Neon and Participant opened animated documentary Flee to a $25,033 debut in four locations. That makes for a strong per-theater average of $6,258 ahead of a rollout early next year for the much-decorated Danish film ahead of Academy Award nominations Feb. 8.
It’s one of a few rather particular offerings, including Drive My Car, that distributors are tending to carefully with slow platform releasing to best capitalize on growing word of mouth as the films continue to accumulate awards and word of mouth.
A rep for Neon called Flee, Denmark’s foreign film Oscar entry, “an amazing cinematic unicorn” given its rare shot at nods in three Oscar categories — documentary, animated and foreign language film. The distributor is “very happy with the opening and looking forward to expanding the movie in late January,” he said. Meanwhile it stays small, focused in NY and LA (AMC Lincoln Square, Angelika Film Center, AMC Sunset 5, The Landmark), giving the super-specialized film by Jonas Poher Rasmussen a long runway to accumulate critical buzz. It’s at 98% with critics with an 83% audience score so far on Rotten Tomatoes.
Flee took the Sundance Grand Jury Word Cinema prize for documentary and continues to gather accolades, most recently a Gotham Best Documentary win, the National Board of Review Freedom of Expression award, and Best Non-Fiction Film from the New York Film Critics Circle. It’s the story of an Afghan refugee boy who makes a home in Denmark but carries scars and a secret that haunts him. He shares his story for the first time with a close childhood friend, the filmmaker. The use of animation, unique in a documentary, masks his identity.
Fresh off its Gotham Award for Best International Feature and its New York Film Critics Circle win for Best Film, the Sideshow and Janus Films’ release of Ryusuke Hamaguchi’s Drive My Car grossed an estimated $27,300 in four theaters in its second weekend for a PTA of $6,825 and a cume of $58,879. The film had a $13,000 weekend at Landmark’s Nuart in LA, which its distributors said is the theater’s highest post-pandemic weekend to date. In NYC, it had a strong hold, increasing 7% at Film Forum and down10% at Lincoln Center due to capacity constraints with two of the three Saturday shows sold out.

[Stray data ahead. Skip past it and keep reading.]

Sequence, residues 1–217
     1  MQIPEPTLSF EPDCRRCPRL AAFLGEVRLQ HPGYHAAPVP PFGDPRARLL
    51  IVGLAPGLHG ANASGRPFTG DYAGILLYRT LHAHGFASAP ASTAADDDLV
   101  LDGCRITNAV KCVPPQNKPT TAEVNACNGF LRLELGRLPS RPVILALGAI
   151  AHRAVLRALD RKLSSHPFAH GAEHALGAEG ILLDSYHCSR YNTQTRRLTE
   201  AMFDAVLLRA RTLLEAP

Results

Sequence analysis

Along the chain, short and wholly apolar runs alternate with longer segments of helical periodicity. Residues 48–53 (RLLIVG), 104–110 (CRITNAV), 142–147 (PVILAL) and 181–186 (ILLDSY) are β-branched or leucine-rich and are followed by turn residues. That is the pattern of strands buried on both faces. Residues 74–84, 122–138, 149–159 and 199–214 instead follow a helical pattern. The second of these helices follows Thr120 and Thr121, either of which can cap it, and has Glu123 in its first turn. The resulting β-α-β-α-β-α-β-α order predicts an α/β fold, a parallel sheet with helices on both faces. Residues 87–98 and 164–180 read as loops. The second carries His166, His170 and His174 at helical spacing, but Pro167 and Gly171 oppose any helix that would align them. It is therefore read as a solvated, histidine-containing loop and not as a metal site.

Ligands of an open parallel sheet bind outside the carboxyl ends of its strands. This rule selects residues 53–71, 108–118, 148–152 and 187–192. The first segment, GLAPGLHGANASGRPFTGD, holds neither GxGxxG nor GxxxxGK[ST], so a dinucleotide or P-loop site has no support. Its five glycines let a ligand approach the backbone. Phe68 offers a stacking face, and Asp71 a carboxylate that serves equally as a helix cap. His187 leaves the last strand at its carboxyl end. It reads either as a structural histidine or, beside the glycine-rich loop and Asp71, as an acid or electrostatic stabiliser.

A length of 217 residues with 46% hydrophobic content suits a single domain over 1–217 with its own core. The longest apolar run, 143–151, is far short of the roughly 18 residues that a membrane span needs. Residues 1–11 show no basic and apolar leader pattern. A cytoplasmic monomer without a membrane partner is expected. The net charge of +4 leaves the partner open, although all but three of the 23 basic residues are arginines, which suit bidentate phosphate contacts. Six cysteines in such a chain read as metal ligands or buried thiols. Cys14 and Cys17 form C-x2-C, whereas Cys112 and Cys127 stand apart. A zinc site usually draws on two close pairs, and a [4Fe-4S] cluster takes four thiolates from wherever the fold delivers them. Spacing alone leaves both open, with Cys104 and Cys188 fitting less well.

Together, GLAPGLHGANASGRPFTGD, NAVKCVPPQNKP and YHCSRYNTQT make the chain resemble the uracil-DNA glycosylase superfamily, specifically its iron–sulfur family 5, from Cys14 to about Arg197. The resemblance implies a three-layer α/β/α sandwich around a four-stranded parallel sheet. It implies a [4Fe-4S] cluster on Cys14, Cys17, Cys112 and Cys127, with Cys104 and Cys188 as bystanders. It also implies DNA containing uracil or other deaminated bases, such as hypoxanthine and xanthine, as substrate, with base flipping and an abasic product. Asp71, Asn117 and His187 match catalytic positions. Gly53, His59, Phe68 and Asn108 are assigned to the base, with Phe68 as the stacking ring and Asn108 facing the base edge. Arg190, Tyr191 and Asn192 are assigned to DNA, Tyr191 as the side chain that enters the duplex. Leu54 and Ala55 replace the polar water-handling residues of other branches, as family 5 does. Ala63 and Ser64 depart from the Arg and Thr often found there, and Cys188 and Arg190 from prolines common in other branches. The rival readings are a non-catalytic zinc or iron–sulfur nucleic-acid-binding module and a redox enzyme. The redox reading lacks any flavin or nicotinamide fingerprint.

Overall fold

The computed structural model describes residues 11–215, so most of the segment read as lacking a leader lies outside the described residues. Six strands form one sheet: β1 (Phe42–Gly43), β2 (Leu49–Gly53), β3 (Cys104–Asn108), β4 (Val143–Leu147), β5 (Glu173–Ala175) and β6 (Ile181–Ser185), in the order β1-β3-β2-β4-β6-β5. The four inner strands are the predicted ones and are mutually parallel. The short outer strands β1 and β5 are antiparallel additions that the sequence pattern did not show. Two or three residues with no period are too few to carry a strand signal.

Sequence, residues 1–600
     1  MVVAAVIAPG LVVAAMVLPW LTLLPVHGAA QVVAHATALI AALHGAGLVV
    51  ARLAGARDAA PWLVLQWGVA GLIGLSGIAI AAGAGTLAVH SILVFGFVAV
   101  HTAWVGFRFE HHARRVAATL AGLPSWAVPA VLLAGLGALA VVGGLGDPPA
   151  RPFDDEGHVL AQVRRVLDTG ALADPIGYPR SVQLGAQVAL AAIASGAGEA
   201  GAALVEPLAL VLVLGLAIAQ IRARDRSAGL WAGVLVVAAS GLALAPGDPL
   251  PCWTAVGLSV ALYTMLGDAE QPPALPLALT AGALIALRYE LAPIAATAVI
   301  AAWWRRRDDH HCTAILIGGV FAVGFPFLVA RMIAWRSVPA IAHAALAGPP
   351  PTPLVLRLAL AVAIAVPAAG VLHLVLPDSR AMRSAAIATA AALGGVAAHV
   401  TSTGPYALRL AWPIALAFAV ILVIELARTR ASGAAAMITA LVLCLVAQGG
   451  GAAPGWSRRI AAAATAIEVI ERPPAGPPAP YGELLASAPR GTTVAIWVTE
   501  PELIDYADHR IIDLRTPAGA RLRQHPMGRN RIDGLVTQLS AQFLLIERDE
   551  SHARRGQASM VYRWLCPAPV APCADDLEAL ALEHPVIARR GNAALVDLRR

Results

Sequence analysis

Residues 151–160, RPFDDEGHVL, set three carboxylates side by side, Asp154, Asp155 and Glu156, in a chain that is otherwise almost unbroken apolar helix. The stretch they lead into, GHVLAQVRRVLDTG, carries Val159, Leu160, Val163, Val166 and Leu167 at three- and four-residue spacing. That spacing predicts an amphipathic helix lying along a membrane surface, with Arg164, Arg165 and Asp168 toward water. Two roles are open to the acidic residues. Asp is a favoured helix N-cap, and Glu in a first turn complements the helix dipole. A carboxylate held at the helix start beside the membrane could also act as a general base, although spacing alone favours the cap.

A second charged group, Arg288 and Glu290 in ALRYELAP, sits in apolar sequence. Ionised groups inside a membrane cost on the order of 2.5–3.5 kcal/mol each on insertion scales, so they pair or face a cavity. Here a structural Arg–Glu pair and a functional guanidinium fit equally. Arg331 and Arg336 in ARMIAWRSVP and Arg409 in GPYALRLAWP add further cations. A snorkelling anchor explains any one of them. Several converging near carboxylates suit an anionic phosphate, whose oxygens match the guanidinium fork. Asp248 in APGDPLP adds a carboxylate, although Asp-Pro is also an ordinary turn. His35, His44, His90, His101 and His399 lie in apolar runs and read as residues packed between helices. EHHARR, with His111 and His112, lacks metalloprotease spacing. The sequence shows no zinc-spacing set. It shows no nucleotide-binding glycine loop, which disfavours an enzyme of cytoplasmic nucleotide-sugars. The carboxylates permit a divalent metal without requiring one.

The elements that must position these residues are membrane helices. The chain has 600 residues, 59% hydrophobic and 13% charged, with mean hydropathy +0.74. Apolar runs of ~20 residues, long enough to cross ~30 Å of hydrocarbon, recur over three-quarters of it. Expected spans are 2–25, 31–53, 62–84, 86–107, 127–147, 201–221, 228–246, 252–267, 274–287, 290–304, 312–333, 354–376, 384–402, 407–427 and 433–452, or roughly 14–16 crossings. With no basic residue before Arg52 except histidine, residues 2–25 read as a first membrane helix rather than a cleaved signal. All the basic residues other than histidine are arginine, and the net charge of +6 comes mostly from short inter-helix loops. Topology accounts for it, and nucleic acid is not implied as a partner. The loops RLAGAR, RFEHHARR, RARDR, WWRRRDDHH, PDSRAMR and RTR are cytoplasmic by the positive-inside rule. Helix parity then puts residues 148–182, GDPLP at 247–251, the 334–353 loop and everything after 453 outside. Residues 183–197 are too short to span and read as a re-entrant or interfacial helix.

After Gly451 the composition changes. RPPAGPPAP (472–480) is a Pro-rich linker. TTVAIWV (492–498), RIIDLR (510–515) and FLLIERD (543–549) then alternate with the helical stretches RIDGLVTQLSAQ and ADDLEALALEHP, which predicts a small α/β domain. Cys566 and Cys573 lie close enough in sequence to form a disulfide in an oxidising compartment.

Japan’ submission to the Academy Awards for Best International Feature is three hour long, necessitating a careful rollout. It will be adding about 15-20 theaters a week through Jan. 15, said a rep for the distributors. Adapted from Haruki Murakami’s short story, it follows a renowned stage actor and director invited to helm a production of Uncle Vanya at a theater festival in Hiroshima and a taciturn young woman assigned by the festival to chauffeur him in his beloved red Saab 900. It took three prizes in Cannes including Best Screenplay. The film is 100% Certified Fresh by critics with an 81% Rotten Tomatoes audience score.
Elsewhere in specialty Focus Features Wolf opened in 308 locations, the widest specialty release this weekend, to a disappointing cume of $80K and a PTA of $261. The R-rated drama by first-time director Nathalie Biancheri stars George Mackay as boy who believes he is a wolf trapped in a human body. Marketing was limited for the film, which has a 44% critics and 33% audience score on Rotten Tomatoes.
(Belfast, also from Focus, crossed the $5 million mark last week in 1,255 theaters before hitting PVOD Friday. The Kenneth Branagh pic’s estimated take is $500,000 this weekend for a total cume of $5.9 million.)
IFC Films opened Paul Verhoeven’s Benedetta in 202 theaters for an estimated weekend gross of $145,000 and a per theater average of $718. The latest film from the master filmmaker about a 17th-century nun in Italy who suffers from disturbing religious and erotic visions, had its world premiere at Cannes and North American premiere at NYFF.